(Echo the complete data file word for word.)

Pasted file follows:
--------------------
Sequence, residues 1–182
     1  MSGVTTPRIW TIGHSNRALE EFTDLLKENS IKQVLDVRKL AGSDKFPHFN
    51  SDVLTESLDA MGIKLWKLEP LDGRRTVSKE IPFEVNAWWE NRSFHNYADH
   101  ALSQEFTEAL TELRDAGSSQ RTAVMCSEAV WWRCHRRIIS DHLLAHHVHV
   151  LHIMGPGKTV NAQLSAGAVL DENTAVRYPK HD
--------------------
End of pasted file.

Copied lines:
Sequence, residues 1–182
     1  MSGVTTPRIW TIGHSNRALE EFTDLLKENS IKQVLDVRKL AGSDKFPHFN
    51  SDVLTESLDA MGIKLWKLEP LDGRRTVSKE IPFEVNAWWE NRSFHNYADH
   101  ALSQEFTEAL TELRDAGSSQ RTAVMCSEAV WWRCHRRIIS DHLLAHHVHV
   151  LHIMGPGKTV NAQLSAGAVL DENTAVRYPK HD